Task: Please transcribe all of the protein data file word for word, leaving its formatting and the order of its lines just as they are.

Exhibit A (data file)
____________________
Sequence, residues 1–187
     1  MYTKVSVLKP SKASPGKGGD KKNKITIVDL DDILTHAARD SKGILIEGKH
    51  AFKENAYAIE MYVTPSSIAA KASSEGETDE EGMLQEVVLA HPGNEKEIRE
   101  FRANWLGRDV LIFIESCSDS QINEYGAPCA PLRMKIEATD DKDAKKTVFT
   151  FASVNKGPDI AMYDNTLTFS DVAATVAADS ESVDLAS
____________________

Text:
Sequence, residues 1–187
     1  MYTKVSVLKP SKASPGKGGD KKNKITIVDL DDILTHAARD SKGILIEGKH
    51  AFKENAYAIE MYVTPSSIAA KASSEGETDE EGMLQEVVLA HPGNEKEIRE
   101  FRANWLGRDV LIFIESCSDS QINEYGAPCA PLRMKIEATD DKDAKKTVFT
   151  FASVNKGPDI AMYDNTLTFS DVAATVAADS ESVDLAS